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Fuel shortage closes seven Gaza medical centers: ministry

Beds lie empty at Beit Hanun hospital in the Gaza Strip after it stopped its services on January 29, 2018 blaming a lack of fuel to power generators
MAHMUD HAMS (AFP)
To survive, hospitals and other public bodies rely on fuel-powered generators, but fuel shortages are common.

Seven medical centers in Gaza have stopped services due to lack of fuel to power generators, the health ministry in the Palestinian enclave said, two days after a hospital took similar steps.

Ashraf al-Qudra, spokesman for the ministry in Hamas-run Gaza, said the health situation had entered an "unprecedented stage" due to an electricity crisis.

He said the seven centers in different parts of Gaza would stop all services as they did not have the fuel to run back-up generators.

On Monday, a hospital in Beit Hanoun in northern Gaza announced it would transfer all its patients and stop services due to lack of fuel.

The internationally recognized Palestinian government, based in the West Bank and run by Hamas's longtime rivals Fatah, has accused the Islamists of exaggerating the problem, saying fuel and funding have been provided.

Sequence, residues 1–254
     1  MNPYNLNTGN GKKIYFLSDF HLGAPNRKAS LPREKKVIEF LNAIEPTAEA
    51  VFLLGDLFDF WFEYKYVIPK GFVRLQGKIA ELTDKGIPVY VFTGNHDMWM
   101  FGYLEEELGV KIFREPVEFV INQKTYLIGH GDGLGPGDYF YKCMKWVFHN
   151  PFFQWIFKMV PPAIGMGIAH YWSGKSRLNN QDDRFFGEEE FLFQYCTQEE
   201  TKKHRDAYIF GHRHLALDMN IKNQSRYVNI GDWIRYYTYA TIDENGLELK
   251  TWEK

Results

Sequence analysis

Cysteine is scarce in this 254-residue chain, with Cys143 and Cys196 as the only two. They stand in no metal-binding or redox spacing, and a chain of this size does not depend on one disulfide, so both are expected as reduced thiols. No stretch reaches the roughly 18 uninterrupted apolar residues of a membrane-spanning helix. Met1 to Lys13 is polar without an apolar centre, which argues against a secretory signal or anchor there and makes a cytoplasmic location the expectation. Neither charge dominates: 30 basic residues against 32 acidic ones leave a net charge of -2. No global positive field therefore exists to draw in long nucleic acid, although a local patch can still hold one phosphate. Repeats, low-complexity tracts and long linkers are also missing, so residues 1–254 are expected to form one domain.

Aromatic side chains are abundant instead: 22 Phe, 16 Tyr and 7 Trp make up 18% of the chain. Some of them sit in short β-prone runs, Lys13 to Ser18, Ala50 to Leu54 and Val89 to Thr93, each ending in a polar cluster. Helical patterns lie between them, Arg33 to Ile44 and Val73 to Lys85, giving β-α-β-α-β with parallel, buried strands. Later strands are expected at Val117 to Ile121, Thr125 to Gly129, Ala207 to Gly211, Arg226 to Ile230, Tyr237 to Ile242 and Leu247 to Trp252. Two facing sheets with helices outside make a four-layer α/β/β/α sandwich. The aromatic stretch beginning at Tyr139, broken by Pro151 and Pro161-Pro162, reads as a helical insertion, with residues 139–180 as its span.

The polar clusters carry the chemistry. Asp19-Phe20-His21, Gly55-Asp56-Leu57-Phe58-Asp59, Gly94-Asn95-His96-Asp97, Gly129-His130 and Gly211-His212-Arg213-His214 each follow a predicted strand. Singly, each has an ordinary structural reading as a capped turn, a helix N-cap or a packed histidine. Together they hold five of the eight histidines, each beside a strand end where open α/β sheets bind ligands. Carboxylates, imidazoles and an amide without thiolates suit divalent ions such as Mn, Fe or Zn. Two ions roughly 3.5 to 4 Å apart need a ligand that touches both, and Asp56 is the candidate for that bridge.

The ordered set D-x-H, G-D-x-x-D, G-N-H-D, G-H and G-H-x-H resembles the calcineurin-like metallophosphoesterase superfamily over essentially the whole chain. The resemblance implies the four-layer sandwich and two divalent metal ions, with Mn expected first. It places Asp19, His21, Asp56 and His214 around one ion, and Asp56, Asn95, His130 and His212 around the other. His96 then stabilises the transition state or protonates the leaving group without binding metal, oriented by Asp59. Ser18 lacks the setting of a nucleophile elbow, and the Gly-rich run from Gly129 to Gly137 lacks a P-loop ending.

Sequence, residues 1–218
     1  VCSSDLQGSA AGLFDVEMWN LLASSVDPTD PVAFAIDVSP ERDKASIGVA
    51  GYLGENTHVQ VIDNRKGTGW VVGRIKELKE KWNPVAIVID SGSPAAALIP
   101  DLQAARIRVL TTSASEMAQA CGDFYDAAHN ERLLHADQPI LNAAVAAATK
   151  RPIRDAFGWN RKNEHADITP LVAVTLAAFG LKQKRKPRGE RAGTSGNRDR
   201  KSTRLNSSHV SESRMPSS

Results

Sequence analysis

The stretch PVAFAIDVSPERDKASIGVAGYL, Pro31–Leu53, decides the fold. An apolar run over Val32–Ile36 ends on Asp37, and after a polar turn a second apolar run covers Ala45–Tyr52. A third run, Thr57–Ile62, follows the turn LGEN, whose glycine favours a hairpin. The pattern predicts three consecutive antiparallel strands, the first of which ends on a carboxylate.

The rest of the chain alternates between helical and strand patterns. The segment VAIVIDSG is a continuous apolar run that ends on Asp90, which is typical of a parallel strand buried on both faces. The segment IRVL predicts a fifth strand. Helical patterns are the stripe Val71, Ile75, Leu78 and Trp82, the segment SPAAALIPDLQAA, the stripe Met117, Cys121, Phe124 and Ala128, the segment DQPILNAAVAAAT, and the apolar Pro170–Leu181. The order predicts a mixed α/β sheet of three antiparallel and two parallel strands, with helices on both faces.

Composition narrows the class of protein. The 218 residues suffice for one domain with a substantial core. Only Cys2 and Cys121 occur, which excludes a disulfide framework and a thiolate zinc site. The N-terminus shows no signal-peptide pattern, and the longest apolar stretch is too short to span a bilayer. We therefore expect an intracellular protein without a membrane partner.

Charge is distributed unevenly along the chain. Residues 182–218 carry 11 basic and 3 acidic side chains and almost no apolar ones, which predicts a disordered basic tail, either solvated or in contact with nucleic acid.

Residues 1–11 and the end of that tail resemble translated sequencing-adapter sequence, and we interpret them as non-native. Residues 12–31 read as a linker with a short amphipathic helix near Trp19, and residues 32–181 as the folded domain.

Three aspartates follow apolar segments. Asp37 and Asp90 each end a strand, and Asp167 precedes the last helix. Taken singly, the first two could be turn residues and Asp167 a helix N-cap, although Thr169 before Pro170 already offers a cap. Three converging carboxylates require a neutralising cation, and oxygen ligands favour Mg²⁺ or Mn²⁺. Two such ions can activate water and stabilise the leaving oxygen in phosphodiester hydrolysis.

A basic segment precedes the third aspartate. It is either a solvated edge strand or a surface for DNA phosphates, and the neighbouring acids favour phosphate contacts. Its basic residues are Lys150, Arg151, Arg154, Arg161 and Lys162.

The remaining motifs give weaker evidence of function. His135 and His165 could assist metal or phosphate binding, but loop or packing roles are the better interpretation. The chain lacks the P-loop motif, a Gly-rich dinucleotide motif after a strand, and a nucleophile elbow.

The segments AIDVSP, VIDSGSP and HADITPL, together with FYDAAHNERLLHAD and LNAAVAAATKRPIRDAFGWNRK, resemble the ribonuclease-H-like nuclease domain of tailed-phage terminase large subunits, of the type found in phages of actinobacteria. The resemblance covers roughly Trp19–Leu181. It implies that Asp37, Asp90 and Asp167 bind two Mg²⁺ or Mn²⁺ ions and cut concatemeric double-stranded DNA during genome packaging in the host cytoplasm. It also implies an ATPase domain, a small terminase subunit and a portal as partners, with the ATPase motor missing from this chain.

Israel has maintained a blockade of the Gaza Strip for more than a decade which it says is necessary to isolate Hamas, with whom it has fought three wars since 2008.

Human rights groups say it amounts to collective punishment of Gaza's two million residents.

Gaza needs around 500 megawatts of power a day but receives less than half of that, meaning residents receive only a few hours of mains electricity per day. 

Mohammed Thabet, spokesman for the electricity distribution company in Gaza GEDCO, said this week it had been as low as 178 megawatts, while demand has spiked due to cold weather. 

To survive, hospitals and other public bodies rely on fuel-powered generators, but fuel shortages are common.

Thabet said the amount of fuel imported from neighboring Egypt had declined in recent days. Egypt has also kept its border with Gaza largely closed in recent years, but has allowed fuel imports.

The United Nations provides some financing to help ensure key infrastructure such as hospitals have fuel, but regularly faces funding shortages.

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